Aligning normals across a variety of surfaces

I’m trying to create a script that array photovoltaics across any set of planar surfaces one might want. I’m running into an issue where depending on how you draw the surface, the surface normal is either positive or negative, which affects the direction the panels tilt in. Though one could redraw the surface, I’d prefer the script to be agnostic of input.
I’ve tried to modify the script so that it sorts surface by normal direction and flips those that are outliers, but I’ve had trouble getting this to ‘stick’–i.e. the surface will revert to it’s native normal after running through another component. Putting my ‘normal correcting script’ at the end doesn’t help either.
Could anyone shed some light on what I’m missing? (28.2 KB)

Well, well, hello again. This has been on my mind since your other thread yesterday:

The first thing I did was flip all the roof surfaces so their normals point up, using Flip with a PlaneSrf as a guide. But I didn’t stop there. :sunglasses: (40.1 KB)

I see you are still using Pufferfish for Rotate Plane XYZ ? :man_facepalming:


P.S. Here is your new set of roof surfaces:

You didn’t answer my questions yesterday:

Parallel to one edge of the roof? Bottom edge? Top edge? How does this work on roof surfaces that face north?

This might be interesting? Top view is at the bottom, perspective view above it. Vectors are exaggerated (times 80) to see them better.


Only two of the five roof surfaces have normal vectors facing south (-Y), red and blue, both with a slight eastward component. Green and pink have a slight north component (+Y) but are predominantly east (green, +X) or west (pink, -X). The yellow surface faces north east.

Solar gain always starts with architecture. By area, this roof faces more north (+Y) than south.

Joseph, old friend–thanks for taking a look at my mess once again. Yesterday I did try to create the rotation I was looking for without pufferfish and got stumped. Today is obviously a new day, because I figured it out very quickly! I’ve attached the new file so you can view the final desired result.

The panels should face south (-y) regardless of the roof geometry. Of course any sensible designer would first create logical roof geo before applying PV (no north faces etc), but I am for now trying to create a durable script that can be applied to any combination of planar geometry. These faces are just a random collection I sketched to demonstrate the issue with the effect of face normals on rotation direction. With or without pufferfish, the face with the normal that is positive while the rest are negative rotates up in the opposite direction. This behavior is made obvious when I simply flip the panel in Rhino–the panels now face the ‘correct’ direction.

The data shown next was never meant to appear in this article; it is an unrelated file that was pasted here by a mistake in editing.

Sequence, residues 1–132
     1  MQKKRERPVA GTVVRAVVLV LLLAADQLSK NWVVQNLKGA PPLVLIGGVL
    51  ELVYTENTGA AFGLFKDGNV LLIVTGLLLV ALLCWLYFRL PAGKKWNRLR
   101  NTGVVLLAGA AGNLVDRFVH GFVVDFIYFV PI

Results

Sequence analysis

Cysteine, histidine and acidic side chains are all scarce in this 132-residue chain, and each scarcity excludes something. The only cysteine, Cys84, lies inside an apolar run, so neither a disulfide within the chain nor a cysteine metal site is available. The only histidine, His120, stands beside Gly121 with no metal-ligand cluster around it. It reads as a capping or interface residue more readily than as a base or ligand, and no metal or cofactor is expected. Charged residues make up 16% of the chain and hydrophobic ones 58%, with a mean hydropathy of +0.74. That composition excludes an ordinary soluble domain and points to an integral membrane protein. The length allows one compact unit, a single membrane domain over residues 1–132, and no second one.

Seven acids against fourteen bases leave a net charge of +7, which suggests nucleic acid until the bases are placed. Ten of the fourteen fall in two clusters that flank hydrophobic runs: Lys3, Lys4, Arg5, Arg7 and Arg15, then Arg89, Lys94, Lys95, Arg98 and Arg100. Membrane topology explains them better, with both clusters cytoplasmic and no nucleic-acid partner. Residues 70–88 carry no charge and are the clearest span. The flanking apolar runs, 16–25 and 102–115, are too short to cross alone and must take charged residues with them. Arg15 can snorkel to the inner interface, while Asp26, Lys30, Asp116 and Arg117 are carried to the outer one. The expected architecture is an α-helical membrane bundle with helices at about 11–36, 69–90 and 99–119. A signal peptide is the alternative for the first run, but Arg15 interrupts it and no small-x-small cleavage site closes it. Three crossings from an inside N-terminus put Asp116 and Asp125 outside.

Thanks also for that final little script. Quite neat and super smart. Would actually be good to include to help guide a user into selecting only surfaces with ideal exposures to apply panels to.

Also, the output is planes and not extrusions because I’m plugging this into a radiation analysis engine that requires surfaces as an input.

Updated: (27.7 KB)

Have we met before? Or was it only 18 hours ago?

I didn’t look at your code until after I had written and posted mine yesterday.

Your code today doesn’t have the roof surfaces internalized so I copied them from yesterday’s code with my solution for flipping all their normals up. Looks like your rotation is still messed up somewhere but I don’t have time to dig into it, I need to take a break. Back in less than an hour:

Oh, how long 18 hours can seem; (no, I’ve simply read many of your previous solutions)

File has been updated.

No rush, I have to pull my head out of the grasshopper hole for a bit too, but I will try again later. I still suspect it’s something small, but time will tell…

It appears that you aren’t taking any of my advice.

  • You are flipping surface normals the hard way (twice?) instead of using a guide surface,
  • You don’t have a plane for each rectangle but instead are using Orient repeatedly (four times where I don’t use it at all). Apparently you are deriving planes from the oriented rectangles?
  • I am dubious about north facing surfaces and rotating panels, which it looks like you haven’t got right yet. It’s obviously more difficult to install panels on rotated racks at different angles for each surface than putting them flat on the roof.
  • I have 3036 panels, you have 1773 on the same roof.

I have slightly different priorities I think.

  • The panels need to be able to be tilted upwards, not planar to the roof surface. The tilt needs to occur at the level of each row, and the rows need to be spaced out once they are tilted to avoid self-shading, hence the lower panel density.
  • The panels should not necessarily be aligned in columns, as this reduces the total number of panels for little gain; (installation occurs in rows with no necessary link b/t each row).
  • The panels also need to rotate as a unit on the entire roof surface, in case a model they are inserted into does not have south set as -y.
  • The north facing surfaces are merely a test, as is all of this geometry.

The script you attached is great but it would require some re-working to integrate all of these parameters, rather than fixing the one issue of aligning the normals in my script. I’m sure there are many ways of doing this same task more elegantly and with fewer ‘orient’ modules, but it works well enough right now and isn’t too slow. Perhaps this one fix is actually many, and I will eat my words! But I will try a little bit more for now.
Thanks for taking a look at this again, I appreciate the time.